Verizon today began blocking customers from tethering their data through jailbroken apps, following in AT&T’s footsteps as the company fights to stay on top of the U.S. wireless market.
The Basking Ridge, N.J.-based carrier now requires users have a hotspot-capable data plan if they want to tether data from their smartphones to other devices. Users who try to tether through jailbreak apps like MyWi will be redirected to a Verizon webpage where they can upgrade to a capable plan for an additional $20 a month.
The carrier’s move to stop illegal data tetherers comes just days after AT&T made a similar move. AT&T now automatically puts jailbroken tetherers onto its cheapest data tethering plan at $45 a month.
For consumers, Verizon’s move shows carriers are taking their new data plans seriously. With carriers throttling unlimited data speeds to counter those who use too much data, and illegal tetherers now forced onto more expensive plans, wireless companies are changing the data landscape.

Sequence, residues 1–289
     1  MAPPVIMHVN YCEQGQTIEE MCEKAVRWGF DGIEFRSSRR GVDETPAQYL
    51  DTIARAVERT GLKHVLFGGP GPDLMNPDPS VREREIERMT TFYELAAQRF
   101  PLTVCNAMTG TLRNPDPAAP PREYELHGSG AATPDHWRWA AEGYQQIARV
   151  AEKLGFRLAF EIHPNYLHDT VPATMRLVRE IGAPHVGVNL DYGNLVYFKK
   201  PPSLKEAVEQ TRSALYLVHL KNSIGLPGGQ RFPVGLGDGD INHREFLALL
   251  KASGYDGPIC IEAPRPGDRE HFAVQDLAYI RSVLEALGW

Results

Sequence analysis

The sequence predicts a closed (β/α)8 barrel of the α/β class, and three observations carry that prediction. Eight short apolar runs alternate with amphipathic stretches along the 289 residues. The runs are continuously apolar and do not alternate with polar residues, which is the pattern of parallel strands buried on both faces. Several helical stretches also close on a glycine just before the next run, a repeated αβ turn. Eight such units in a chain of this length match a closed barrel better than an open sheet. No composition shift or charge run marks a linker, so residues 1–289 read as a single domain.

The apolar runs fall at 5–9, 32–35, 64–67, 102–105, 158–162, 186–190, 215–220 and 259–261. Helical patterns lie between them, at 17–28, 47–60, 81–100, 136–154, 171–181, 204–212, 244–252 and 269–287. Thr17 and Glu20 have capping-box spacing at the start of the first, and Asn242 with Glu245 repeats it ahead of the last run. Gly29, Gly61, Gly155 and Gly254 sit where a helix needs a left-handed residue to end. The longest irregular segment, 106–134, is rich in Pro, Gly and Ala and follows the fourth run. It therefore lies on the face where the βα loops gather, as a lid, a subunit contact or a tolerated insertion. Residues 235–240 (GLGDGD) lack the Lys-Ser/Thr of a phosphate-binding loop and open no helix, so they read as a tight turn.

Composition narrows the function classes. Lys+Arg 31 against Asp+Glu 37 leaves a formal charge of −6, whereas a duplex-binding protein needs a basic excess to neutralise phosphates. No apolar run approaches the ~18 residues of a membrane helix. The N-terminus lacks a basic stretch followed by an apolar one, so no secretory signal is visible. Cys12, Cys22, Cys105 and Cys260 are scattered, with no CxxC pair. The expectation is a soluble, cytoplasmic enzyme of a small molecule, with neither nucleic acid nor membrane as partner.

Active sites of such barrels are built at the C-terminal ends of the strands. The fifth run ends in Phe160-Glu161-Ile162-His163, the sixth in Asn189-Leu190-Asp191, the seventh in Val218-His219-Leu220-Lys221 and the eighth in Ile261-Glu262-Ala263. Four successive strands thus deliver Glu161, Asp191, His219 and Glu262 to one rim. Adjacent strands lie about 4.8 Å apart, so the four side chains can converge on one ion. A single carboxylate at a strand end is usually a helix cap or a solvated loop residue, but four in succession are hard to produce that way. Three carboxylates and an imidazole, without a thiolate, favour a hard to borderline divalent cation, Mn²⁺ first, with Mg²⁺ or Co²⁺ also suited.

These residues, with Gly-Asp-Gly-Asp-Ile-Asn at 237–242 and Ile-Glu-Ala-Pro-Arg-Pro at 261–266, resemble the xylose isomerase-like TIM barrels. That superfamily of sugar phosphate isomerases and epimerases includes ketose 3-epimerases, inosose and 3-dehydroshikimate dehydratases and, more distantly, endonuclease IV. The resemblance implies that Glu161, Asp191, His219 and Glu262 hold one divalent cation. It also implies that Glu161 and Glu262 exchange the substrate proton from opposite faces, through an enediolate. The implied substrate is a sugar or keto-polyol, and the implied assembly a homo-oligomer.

Verizon is still the number-one wireless carrier in the U.S., but AT&T’s pending merger with T-Mobile is threatening to change that. A successful merger would leave AT&T with an improved network and 20 million more subscribers than Verizon, its closest competitor.
In February, Verizon began carrying the iPhone, eroding AT&T’s iPhone exclusivity. In July, the carrier removed its unlimited data plan option and replaced it with more expensive tiered plans, a move AT&T made more than a year ago. Now, Verizon has once again followed AT&T with its decision to crackdown on jailbroken tetherers.
By following AT&T’s footsteps, Verizon may now be expressing a new more conservative mindset, as it mimics AT&T’s moves rather than setting the tone.